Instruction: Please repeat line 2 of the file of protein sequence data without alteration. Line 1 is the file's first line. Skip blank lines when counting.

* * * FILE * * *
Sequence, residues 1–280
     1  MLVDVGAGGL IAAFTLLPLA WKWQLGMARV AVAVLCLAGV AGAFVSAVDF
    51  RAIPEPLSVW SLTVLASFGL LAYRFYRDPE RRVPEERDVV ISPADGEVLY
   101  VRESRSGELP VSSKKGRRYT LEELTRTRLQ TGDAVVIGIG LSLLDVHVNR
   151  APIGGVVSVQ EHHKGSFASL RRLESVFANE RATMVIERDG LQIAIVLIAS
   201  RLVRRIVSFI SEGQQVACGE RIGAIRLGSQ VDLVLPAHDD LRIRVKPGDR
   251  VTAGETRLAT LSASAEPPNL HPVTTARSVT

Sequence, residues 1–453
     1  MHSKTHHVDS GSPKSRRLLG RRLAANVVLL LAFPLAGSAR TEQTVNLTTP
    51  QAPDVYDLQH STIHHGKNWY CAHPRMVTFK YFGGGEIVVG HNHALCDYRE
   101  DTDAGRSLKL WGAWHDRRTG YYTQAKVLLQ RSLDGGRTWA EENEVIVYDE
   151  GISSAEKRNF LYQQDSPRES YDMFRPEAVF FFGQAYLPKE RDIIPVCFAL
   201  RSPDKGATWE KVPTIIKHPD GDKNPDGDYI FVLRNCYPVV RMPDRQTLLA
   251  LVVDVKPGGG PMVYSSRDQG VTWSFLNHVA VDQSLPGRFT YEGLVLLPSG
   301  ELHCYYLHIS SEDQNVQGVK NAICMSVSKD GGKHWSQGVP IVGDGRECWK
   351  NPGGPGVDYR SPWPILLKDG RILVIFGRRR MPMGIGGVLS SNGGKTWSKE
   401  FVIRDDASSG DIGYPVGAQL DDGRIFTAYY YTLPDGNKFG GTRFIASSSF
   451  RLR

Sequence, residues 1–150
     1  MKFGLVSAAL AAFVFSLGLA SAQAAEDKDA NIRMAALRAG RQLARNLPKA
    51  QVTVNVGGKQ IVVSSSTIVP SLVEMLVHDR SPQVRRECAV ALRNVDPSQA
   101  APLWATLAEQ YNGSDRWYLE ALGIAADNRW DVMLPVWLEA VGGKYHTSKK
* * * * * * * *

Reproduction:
     1  MLVDVGAGGL IAAFTLLPLA WKWQLGMARV AVAVLCLAGV AGAFVSAVDF